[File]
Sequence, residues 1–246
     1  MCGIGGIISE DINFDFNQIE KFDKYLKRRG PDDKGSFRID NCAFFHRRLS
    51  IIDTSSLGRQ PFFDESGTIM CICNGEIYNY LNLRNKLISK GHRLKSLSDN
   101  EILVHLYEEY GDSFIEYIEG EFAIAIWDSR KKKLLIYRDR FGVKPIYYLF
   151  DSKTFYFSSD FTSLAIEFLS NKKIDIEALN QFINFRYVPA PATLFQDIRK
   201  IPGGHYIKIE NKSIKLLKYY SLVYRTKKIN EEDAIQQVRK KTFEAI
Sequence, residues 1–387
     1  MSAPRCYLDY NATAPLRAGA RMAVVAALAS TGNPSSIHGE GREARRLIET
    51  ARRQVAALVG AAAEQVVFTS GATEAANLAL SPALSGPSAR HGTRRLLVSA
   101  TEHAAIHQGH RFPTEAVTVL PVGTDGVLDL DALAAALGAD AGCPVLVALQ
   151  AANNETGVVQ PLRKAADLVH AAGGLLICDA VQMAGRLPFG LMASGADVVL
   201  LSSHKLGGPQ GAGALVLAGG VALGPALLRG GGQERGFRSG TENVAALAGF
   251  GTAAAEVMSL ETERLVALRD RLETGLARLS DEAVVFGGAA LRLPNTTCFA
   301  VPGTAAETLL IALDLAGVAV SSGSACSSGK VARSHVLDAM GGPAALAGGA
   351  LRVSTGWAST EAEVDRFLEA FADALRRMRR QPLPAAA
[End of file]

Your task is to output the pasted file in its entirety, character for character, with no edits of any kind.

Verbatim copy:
Sequence, residues 1–246
     1  MCGIGGIISE DINFDFNQIE KFDKYLKRRG PDDKGSFRID NCAFFHRRLS
    51  IIDTSSLGRQ PFFDESGTIM CICNGEIYNY LNLRNKLISK GHRLKSLSDN
   101  EILVHLYEEY GDSFIEYIEG EFAIAIWDSR KKKLLIYRDR FGVKPIYYLF
   151  DSKTFYFSSD FTSLAIEFLS NKKIDIEALN QFINFRYVPA PATLFQDIRK
   201  IPGGHYIKIE NKSIKLLKYY SLVYRTKKIN EEDAIQQVRK KTFEAI
Sequence, residues 1–387
     1  MSAPRCYLDY NATAPLRAGA RMAVVAALAS TGNPSSIHGE GREARRLIET
    51  ARRQVAALVG AAAEQVVFTS GATEAANLAL SPALSGPSAR HGTRRLLVSA
   101  TEHAAIHQGH RFPTEAVTVL PVGTDGVLDL DALAAALGAD AGCPVLVALQ
   151  AANNETGVVQ PLRKAADLVH AAGGLLICDA VQMAGRLPFG LMASGADVVL
   201  LSSHKLGGPQ GAGALVLAGG VALGPALLRG GGQERGFRSG TENVAALAGF
   251  GTAAAEVMSL ETERLVALRD RLETGLARLS DEAVVFGGAA LRLPNTTCFA
   301  VPGTAAETLL IALDLAGVAV SSGSACSSGK VARSHVLDAM GGPAALAGGA
   351  LRVSTGWAST EAEVDRFLEA FADALRRMRR QPLPAAA